- Stupid Fucking Bird
- Written by
- Aaron Posner
- Directed by
- Vinetta Strombergs
- Craig Lauzon, Daniel Maslany, Karen Knox
- Pop-Up Theatre
Even if you've never seen Anton Chekhov's The Seagull, you probably know Masha's first line. After the young woman is asked why she wears black, she replies: "I'm in mourning for my life."
In American playwright Aaron Posner's entertaining new riff on the 1895 play, however, Masha – now going by the nickname "Mash" – has a different, sarcastic answer: "Black is slimming."
She's still struggling with unrequited love – but prefers to pull out a ukulele to sing a song about it: "Life is a muddle, life is a chore / Life is a burden, life is a bore."
That the title of Posner's updated adaptation is Stupid Fucking Bird is a signal (a self-consciously edgy one) that this is an irreverent Chekhov adaptation. But it's not too irreverent: the play – getting its Toronto premiere directed by Vinetta Strombergs in a pop-up space next to the Royal Alexandra Theatre – does largely follow the same plot.
Famous actress Emma Arkadina (Sarah Orenstein) is at her summer home with her new lover, the famous author Trigorin (Craig Lauzon) – and all the young folks around them have fallen in love with someone who doesn't love them back.
Tutor Dev (Brendan Hobin) is in love with part-time cook Mash (Rachel Cairns), who is in love with Emma's pretentious performance-artist/playwright son, Con (Daniel Maslany), who is in love with the aspiring actress Nina (Karen Knox), who was in love with Con – until she met Trigorin.
Rounding out the dramatis personae is Doctor Sorn (Richard Greenblatt) – Emma's brother, Con's uncle and a kindly, but removed observer of the overemotional bunch around him.
If you know The Seagull, you'll notice a few characters missing. But as Con says early on, while complaining about the state of the theatre today, "Do you know that six people is now a big play? A play such as this one with seven actors is practically unproducible – if we weren't a … whatever … a a a deconstruction … a rip-off of a classic."
That speech is an example of the most substantive difference between this play and The Seagull – not curse words or indie-rock ukulele, but the fact that the characters in Posner's play know that they are in a play, even as they remain invested in the fictional circumstances of it.
The style makes for a lively show. As Con, Maslany is particularly adept at interacting with the audience; he got the biggest laughs on opening night mocking a ribald spectator's suggestion of how he could woo back Nina. (And yes, since we've got metatheatrical here, the Regina-born actor is the brother of Tatiana Maslany, the Emmy-winning star of Orphan Black.)
That the playwright needs to give explicit permission to performers for them to act in this way is what makes this a very North American adaptation. Acknowledging that theatre is, in fact, live is actually fairly standard practice in, say, "original practice" productions of Shakespeare, or in European (and European-inspired) productions of any classic play.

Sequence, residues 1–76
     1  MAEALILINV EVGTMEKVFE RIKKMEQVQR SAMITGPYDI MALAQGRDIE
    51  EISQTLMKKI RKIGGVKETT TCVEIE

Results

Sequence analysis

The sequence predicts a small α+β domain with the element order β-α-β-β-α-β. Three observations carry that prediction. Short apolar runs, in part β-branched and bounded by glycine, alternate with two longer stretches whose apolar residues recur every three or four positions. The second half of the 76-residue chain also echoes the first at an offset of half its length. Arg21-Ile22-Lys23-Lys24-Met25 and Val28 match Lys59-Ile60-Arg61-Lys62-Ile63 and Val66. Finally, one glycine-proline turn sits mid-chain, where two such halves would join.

Some of the actors are less comfortable with the lack of a fourth wall than Maslany, but over all performances are strong. I liked Craig Lauzon's Trigorin most of all, because it was entirely free of pretense – and really made me see the character anew. He doesn't overplay the author's charisma, instead seeming like a guy still a little baffled by how his fame warps how others see him. Lauzon has the realest presence on stage – and his scenes with Knox's magnetic Nina are golden.
What Posner's adaptation, which has been done all over the United States, eventually bumps up against in Ontario is a rather sterling record of Chekhov in production in these parts. Soulpepper established itself by working through his major plays (though, oddly enough, not The Seagull), while nearby destination theatre options in the Stratford Festival and Shaw Festival have both distinguished themselves with Chekhov in recent memory. Two of the our top directors – Chris Abraham and Peter Hinton – have tackled The Seagull in the past few years.
Posner's adaptation seems intended for an audience that is more skeptical of Chekhov and doesn't normally relate to his passive-aggressive, cold-climate characters the way many Canadians do.
If you fall into that category, you might really love Posner's play. I, however, found it tried a little too hard to say: See, Chekhov can be fun! Posner doesn't trust Chekhov enough to fully channel what makes his plays great – nor does he go far enough in charting his own course like Christopher Durang did with his 2013 Tony-winning mash-up Vanya and Sonia and Masha and Spike.
This particularly becomes a problem in the final act – where Maslany and Knox must muddle their way through updated dialogue layered over antiquated melodrama. Posner liberates, in a way, Con from his fate, but keeps Nina stuck in a dated stereotype – and neither the actress nor director Stromberg step in to deconstruct it.
In the end, SFB doesn't have any moment as exquisitely and excruciatingly human as the ones that pervaded Jackie Maxwell's production of Uncle Vanya at Shaw Festival last year. That was in a translation by another American, Annie Baker, who has a clearer grasp on what actually makes Chekhov so great, what is luminous rather than simply gloomy in his naturalism, and what can be genuinely funny about people being sad.
Stupid Fucking Bird continues to March 19 (sfbird.com).